Remember that Orthodox fasting rules are “maximalist”. They set the highest goal that we might aim for. We should not feel guilty if, for some reason, we can’t do it all, or if it’s not practical to do so. (For example, I’ve eased up in my old age.) However, Western fasting rules are “minimalist” (these days extremely minimal): “people should do this much at least”.

I  heard the true story of a “convert” Orthodox parish whose people didn’t understand this difference, so they strictly kept the maximalist rule which allows only a couple or three meals during Holy Week. These poor people were dropping like flies – involuntary prostrating! Fainting is not a spiritual virtue.

So during Advent do what you think is fitting for your situation. And then quietly do just a bit more.

How to keep the Pre-Christmas Fast when the world around us is celebrating Christmas (or something) all during December

How should we American Orthodox handle Thanksgiving? (I know, you Canadians had your Thanksgiving Day in late October.) Our late Antiochian Metropolitan Philip (of blessed memory, and not only for this reason!) used to tell people * they should feel free to eat turkey on Thanksgiving. These days Thanksgiving is a sort of “secular” feast day, but it is a wholesome day which brings people together in unity – unless they talk politics! At the table we should be sure to give thanks not only in general (“I’m thankful for…”), but we should specifically give thanks in prayer to Almighty God, for “every good thing given and every perfect gift is from above, coming down from the Father of lights…”  James 1:17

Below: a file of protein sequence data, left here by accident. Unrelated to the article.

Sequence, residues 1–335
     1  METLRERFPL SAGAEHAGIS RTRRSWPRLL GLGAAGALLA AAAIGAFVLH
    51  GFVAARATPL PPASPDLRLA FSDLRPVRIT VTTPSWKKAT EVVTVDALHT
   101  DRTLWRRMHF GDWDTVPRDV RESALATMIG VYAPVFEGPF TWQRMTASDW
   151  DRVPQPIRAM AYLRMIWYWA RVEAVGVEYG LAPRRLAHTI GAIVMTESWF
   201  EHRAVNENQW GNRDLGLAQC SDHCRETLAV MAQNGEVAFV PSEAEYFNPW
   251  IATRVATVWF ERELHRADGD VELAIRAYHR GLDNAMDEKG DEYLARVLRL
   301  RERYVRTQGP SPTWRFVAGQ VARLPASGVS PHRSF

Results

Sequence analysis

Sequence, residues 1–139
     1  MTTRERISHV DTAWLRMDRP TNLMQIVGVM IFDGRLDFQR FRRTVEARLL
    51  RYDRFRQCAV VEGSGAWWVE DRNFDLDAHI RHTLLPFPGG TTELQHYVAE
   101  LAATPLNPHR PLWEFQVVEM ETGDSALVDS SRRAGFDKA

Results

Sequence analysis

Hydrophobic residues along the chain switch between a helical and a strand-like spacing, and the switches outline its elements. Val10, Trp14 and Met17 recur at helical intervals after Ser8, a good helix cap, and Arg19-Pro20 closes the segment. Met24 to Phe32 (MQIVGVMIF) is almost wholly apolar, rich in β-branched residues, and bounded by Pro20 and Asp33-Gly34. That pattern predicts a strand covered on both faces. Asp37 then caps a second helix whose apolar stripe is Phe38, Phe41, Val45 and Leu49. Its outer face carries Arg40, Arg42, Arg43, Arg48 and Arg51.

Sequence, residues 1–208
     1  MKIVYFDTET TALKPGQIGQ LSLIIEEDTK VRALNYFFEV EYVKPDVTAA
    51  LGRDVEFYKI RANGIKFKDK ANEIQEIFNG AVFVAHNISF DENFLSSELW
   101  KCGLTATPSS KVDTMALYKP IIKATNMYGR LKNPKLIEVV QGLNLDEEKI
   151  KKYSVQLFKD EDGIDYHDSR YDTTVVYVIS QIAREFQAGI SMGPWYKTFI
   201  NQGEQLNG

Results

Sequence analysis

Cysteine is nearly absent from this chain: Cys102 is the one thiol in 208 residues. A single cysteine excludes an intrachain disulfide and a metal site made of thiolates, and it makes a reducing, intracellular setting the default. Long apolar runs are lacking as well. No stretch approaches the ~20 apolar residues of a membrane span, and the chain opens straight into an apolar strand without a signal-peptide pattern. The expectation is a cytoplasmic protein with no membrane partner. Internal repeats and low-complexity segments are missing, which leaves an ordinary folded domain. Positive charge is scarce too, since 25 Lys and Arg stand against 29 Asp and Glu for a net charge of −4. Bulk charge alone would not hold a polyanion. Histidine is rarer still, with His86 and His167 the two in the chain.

• Orthodox bishops don’t give legal “dispensations”. Orthodoxy doesn’t function that way.

What should we do if, as is not unlikely, we’re invited to “Christmas” parties during Advent? Quietly try to keep your Advent Fasting rule. But if that isn’t possible, please do not do the “Oh, I’m Orthodox – I can’t eat that” routine… “…do not appear to men to be fasting, but to your Father who is in the secret place; and your Father who sees in secret will reward you openly.” Matthew 6:16-18